Layering in spring just before the leaves unfurl. Takes 1 - 3 years{{Ref | PFAFimport-78}}.
 
Layering in spring just before the leaves unfurl. Takes 1 - 3 years{{Ref | PFAFimport-78}}.
 
Suckers, when formed, can be removed with as much root as possible during the dormant season and replanted immediately{{Ref | PFAFimport-200}}.
 
Suckers, when formed, can be removed with as much root as possible during the dormant season and replanted immediately{{Ref | PFAFimport-200}}.
 
|range=E. Asia - N. China to Mongolia.
 
|range=E. Asia - N. China to Mongolia.
 
|habitat=Mountain slopes, 1300 - 2300 metres in China{{Ref | PFAFimport-109}}.
 
|habitat=Mountain slopes, 1300 - 2300 metres in China{{Ref | PFAFimport-109}}.
|hazards=None known
+
|material use notes=
|uses=A fibre is obtained from the tough inner bark It can be made into diverse items such as mats, shoes and coarse cloth{{Ref | PFAFimport-229}}.
+
|PFAF material use notes=A fibre is obtained from the tough inner bark It can be made into diverse items such as mats, shoes and coarse cloth{{Ref | PFAFimport-229}}.
|edible=Young leaves and shoots - raw or cooked{{Ref | PFAFimport-105}}. An emergency food, it is only used when all else fails{{Ref | PFAFimport-177}}.
+
|edible use notes=
 +
|PFAF edible use notes=Young leaves and shoots - raw or cooked{{Ref | PFAFimport-105}}. An emergency food, it is only used when all else fails{{Ref | PFAFimport-177}}.
 
A refreshing herb tea is made from the flowers.
 
A refreshing herb tea is made from the flowers.
 
A very good chocolate substitute is made from a paste of the ground fruits and flowers{{Ref | PFAFimport-2}}. Trials on marketing the product failed because the paste decomposes readily{{Ref | PFAFimport-2}}.
 
A very good chocolate substitute is made from a paste of the ground fruits and flowers{{Ref | PFAFimport-2}}. Trials on marketing the product failed because the paste decomposes readily{{Ref | PFAFimport-2}}.
|medicinal=A tea made from the flowers is antispasmodic, diaphoretic and sedative{{Ref | PFAFimport-226}}.
+
|medicinal use notes=
 +
|PFAF medicinal use notes=A tea made from the flowers is antispasmodic, diaphoretic and sedative{{Ref | PFAFimport-226}}.
 
|enabled=Yes
 
|enabled=Yes
 
|title irregular=No
 
|title irregular=No
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|id=http://flora.huh.harvard.edu/china/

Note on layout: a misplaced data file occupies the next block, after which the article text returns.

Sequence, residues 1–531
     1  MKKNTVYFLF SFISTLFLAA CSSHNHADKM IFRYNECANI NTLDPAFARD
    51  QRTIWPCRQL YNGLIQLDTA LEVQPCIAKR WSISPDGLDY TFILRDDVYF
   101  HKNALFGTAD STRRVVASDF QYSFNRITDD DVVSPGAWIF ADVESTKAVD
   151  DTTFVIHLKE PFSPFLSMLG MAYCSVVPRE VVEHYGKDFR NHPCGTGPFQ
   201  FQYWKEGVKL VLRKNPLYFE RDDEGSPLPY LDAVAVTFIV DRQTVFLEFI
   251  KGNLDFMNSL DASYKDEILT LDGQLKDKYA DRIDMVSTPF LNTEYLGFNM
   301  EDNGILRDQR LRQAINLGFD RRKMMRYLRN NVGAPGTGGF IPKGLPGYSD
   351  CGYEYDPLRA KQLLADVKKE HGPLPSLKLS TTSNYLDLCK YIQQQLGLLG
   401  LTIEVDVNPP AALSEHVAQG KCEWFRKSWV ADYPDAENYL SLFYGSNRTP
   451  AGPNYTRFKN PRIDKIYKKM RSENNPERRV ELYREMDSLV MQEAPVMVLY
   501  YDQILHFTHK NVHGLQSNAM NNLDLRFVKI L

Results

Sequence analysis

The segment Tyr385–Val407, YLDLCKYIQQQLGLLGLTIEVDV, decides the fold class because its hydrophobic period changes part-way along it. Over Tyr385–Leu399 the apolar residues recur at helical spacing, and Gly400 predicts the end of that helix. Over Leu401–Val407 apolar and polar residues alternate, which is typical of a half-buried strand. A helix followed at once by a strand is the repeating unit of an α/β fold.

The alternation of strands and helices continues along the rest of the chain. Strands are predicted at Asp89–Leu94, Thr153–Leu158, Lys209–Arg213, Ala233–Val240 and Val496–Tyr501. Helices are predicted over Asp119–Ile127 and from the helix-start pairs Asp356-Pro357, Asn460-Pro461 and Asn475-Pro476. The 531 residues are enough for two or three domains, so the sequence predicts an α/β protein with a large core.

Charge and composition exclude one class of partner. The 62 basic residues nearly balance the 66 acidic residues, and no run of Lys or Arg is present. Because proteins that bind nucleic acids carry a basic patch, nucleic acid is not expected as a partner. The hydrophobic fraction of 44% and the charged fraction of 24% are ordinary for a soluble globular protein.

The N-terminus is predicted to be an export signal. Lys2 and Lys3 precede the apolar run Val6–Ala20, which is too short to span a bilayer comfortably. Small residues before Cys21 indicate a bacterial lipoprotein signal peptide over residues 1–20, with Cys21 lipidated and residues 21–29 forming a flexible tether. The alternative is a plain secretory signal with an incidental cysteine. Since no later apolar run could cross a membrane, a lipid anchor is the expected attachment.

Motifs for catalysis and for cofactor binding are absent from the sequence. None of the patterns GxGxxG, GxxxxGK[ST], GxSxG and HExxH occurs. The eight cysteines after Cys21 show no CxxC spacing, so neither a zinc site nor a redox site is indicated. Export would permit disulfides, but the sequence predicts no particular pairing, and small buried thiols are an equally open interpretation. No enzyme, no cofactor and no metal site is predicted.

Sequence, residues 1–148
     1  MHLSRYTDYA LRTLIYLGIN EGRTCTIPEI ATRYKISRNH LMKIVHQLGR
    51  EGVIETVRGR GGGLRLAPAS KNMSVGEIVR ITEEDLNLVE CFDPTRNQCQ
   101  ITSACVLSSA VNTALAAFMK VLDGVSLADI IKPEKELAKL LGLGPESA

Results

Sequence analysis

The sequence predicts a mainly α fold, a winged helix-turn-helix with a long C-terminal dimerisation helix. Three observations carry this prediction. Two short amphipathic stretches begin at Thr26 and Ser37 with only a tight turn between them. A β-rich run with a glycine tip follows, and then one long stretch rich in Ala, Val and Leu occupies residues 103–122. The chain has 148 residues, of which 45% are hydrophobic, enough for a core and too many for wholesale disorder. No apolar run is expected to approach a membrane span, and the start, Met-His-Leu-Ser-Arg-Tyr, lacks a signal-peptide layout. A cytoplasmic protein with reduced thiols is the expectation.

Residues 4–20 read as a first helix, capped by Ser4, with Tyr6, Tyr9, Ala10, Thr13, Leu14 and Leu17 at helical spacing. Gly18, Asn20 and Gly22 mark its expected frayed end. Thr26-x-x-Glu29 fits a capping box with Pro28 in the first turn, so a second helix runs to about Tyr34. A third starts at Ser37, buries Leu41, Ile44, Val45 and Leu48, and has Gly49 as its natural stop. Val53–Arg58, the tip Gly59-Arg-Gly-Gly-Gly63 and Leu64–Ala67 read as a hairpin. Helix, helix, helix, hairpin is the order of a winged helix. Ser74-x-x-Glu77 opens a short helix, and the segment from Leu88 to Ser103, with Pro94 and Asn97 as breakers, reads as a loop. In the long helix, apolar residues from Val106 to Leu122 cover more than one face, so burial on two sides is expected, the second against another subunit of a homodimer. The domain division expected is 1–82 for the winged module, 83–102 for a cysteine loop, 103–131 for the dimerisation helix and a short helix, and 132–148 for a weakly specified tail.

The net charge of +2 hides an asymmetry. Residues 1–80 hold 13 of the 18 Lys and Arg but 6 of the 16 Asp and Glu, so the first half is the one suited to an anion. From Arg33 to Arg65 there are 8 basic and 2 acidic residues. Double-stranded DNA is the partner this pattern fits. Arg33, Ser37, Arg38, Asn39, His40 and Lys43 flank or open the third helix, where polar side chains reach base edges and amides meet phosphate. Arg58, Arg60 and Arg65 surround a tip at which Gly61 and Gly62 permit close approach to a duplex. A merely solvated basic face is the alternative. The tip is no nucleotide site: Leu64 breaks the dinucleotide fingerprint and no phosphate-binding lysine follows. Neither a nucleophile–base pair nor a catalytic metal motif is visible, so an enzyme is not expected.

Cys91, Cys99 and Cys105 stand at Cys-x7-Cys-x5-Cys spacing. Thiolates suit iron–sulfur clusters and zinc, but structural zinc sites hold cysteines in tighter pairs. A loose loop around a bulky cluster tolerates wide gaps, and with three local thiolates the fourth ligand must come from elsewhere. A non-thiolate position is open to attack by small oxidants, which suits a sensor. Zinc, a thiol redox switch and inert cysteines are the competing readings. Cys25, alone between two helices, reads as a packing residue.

|id=http://flora.huh.harvard.edu/china/
 
|date=1994-00-00}}
 
|date=1994-00-00}}
 +
}}{{Article state
 +
|article cleanup=Yes
 +
|article incomplete=Yes
 +
|article citations=No
 
}}
 
}}

Latest revision as of 15:10, 4 May 2013

Uses

Edible uses

Notes

Young leaves and shoots - raw or cooked[1]. An emergency food, it is only used when all else fails[2].

A refreshing herb tea is made from the flowers.

A very good chocolate substitute is made from a paste of the ground fruits and flowers[3]. Trials on marketing the product failed because the paste decomposes readily[3].

Leaves

Unknown part

Tea

Material uses

A fibre is obtained from the tough inner bark It can be made into diverse items such as mats, shoes and coarse cloth[4].

Unknown part

Medicinal uses(Warning!)

A tea made from the flowers is antispasmodic, diaphoretic and sedative[5].

Ecology

Ecosystem niche/layer

Canopy

Ecological Functions

Nothing listed.

Forage

Nothing listed.

Shelter

Nothing listed.

Propagation

Seed - much of the seed produced in Britain is not viable, cut a few seedcases open to see if there is a seed inside[6]. If possible, obtain fresh seed that is ripe but has not as yet developed a hard seed coat and sow it immediately in a cold frame. It may germinate in the following spring though it could take 18 months[6]. Stored seed can be very slow to germinate. It has a hard seed coat, embryo dormancy and a hard coat on the pericarp. All these factors mean that the seed may take up to 8 years to germinate[6]. One way of shortening this time is to stratify the seed for 5 months at high temperatures (10°c at night, up to 30°c by day) and then 5 months cold stratification[6]. When they are large enough to handle, prick the seedlings out into individual pots and grow them on in the greenhouse for their first winter. Plant them out into their permanent positions in late spring or early summer, after the last expected frosts.

Layering in spring just before the leaves unfurl. Takes 1 - 3 years[7].

Suckers, when formed, can be removed with as much root as possible during the dormant season and replanted immediately[8].

Practical Plants is currently lacking information on propagation instructions of Tilia mongolica. Help us fill in the blanks! Edit this page to add your knowledge.